Acute Stroke Unit
Roy said "It was wonderful, every assistance was given me, always there to support and encourage, they gave me confidence that I would improve, they were a great team."
"The staff were so helpful it was a real team effort with a smooth return to my home."
Marie said "I couldn't eat or swallow, I couldn't walk when I arrived but now I can do all those things."
"No body could understand what I said but now I can talk and people understand me. They were marvelous, they got me walking again"
>From the Clinician's perspective:
Acute unit: Dr John Fink Consultant Stroke Specialist says "Team work is great and we are able to see better outcomes, we are not losing as many through stroke."
Rehabilitation unit: Dr Carl Hangar Consultant Physician/Geratrician says "The interdisciplinary team approach to stroke services has been very successful and the patient is treated as part of the team. We would never want to go back to the old approach. We can see the results and it makes all the effort worth while."
Are all New Zealanders stroke equal ?
Ethnic groups in New Zealand do not share an equal chance of having a stroke. Maori or Pacific Islanders can expect to have a stroke about 10 years earlier than a European New Zealander. Much poorer outcomes are also experienced. Current levels of stroke in both communities are well above average and could be heading for massive increases.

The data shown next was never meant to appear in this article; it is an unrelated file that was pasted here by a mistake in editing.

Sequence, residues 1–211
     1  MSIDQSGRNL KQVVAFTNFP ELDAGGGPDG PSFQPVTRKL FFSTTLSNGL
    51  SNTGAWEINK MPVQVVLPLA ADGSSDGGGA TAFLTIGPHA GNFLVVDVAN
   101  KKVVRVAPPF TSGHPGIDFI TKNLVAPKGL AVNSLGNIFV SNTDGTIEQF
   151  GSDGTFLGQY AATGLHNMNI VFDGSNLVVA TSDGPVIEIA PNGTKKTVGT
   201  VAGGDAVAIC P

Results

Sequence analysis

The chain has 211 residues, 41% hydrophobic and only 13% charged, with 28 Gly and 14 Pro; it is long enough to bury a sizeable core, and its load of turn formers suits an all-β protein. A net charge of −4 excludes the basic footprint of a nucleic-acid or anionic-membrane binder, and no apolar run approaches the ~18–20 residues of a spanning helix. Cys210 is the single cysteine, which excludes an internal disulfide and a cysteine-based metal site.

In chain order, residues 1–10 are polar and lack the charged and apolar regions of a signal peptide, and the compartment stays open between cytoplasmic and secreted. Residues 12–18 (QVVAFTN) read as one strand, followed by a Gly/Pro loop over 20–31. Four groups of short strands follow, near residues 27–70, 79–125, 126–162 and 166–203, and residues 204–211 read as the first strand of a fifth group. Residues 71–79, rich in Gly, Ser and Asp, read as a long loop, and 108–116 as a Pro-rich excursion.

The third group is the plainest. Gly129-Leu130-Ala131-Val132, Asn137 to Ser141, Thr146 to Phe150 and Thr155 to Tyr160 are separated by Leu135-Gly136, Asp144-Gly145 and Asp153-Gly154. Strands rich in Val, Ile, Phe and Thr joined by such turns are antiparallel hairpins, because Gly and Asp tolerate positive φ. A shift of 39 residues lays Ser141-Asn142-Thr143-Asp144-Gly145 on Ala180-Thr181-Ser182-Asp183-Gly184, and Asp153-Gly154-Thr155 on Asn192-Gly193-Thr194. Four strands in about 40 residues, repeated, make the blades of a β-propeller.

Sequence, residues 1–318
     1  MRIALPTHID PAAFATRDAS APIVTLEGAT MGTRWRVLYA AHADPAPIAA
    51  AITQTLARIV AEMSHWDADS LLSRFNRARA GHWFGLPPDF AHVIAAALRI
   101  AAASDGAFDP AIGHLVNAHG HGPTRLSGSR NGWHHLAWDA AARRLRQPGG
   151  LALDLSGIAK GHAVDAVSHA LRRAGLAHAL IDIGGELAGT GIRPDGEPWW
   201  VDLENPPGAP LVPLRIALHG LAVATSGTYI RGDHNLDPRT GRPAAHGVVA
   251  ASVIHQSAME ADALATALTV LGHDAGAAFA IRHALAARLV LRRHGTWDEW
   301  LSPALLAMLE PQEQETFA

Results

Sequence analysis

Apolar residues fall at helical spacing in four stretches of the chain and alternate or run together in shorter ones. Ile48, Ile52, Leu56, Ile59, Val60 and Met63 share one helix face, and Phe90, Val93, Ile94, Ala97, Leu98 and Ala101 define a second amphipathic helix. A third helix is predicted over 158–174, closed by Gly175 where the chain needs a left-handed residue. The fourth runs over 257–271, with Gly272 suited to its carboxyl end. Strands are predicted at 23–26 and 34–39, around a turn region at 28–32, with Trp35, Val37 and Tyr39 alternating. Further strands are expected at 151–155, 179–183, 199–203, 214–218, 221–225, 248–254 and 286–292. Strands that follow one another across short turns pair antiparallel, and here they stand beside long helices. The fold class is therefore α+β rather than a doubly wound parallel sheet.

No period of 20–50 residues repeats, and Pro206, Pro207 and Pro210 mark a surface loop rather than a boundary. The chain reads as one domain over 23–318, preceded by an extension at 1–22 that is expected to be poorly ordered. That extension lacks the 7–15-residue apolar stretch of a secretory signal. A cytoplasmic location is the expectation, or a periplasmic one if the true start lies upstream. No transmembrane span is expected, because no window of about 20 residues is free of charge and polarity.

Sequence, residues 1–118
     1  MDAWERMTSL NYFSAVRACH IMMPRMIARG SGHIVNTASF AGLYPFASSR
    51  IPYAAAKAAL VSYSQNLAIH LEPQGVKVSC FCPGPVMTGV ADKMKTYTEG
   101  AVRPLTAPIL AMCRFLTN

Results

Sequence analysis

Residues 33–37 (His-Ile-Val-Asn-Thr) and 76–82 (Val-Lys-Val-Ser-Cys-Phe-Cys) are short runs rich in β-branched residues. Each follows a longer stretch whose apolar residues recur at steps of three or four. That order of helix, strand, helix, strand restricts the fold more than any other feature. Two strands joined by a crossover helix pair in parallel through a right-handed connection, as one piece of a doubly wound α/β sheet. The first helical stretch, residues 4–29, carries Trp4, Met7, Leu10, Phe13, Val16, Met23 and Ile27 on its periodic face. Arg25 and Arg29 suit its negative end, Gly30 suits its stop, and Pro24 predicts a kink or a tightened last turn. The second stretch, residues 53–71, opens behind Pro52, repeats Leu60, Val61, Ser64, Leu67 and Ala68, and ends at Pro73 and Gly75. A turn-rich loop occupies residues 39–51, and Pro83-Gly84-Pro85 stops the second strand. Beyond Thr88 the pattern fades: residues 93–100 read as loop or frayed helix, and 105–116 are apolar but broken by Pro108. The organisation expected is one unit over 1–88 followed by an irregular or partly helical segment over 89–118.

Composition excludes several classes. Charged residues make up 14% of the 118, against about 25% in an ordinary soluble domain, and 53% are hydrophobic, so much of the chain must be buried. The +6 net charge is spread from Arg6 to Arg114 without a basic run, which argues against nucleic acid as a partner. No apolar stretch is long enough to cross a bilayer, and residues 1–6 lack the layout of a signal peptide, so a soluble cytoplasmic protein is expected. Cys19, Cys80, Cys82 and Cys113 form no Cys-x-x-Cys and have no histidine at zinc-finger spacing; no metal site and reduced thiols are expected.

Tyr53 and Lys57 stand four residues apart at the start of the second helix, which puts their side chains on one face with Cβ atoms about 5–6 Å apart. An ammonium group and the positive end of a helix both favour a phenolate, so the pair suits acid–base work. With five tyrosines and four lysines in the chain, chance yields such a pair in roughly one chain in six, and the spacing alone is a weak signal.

What's needed to change the impact of the stroke epidemic?
Brian O'Grady Stroke Foundation CEO says "Increase public knowledge about stroke risk factors and implement organised stroke services modeled on the latest Life after stroke guidelines. It is not a matter of spending millions on specialized equipment but reorganizing what is already being done. Delays will cost lives and increase costs."
When it comes to stroke services time is brain. Dr Fink says " In acute stroke services rapid access to diagnosis and treatment will save lives and improve outcomes." "In stroke rehabilitation services timely commencement of rehabilitation will improve outcomes and save money." Said Dr McNaughton
Brian O'Grady said "The battle against stroke starts much sooner than the race against the clock to emergency services. Every New Zealander should be aware of the risk factors that cause a stroke and take personal action to avoid one. Stop smoking, control blood pressure, control cholesterol levels, improve diet, reduce salt intake, deal with obesity and exercise regularly.
In 2004 there were an estimated 35, 000 stroke survivors in New Zealand.
•Already there are more than 7600 strokes per year in New Zealand.
Costs now at least $150 million/year
With current trends continuing we can expect at least 20,000 new strokes per year by 2031
•All District Health Boards should provide organised stroke services
•All people admitted to hospital where a stroke is the main issue, should expect to be managed in a stroke unit by a team of health professionals with expertise in stroke and rehabilitation.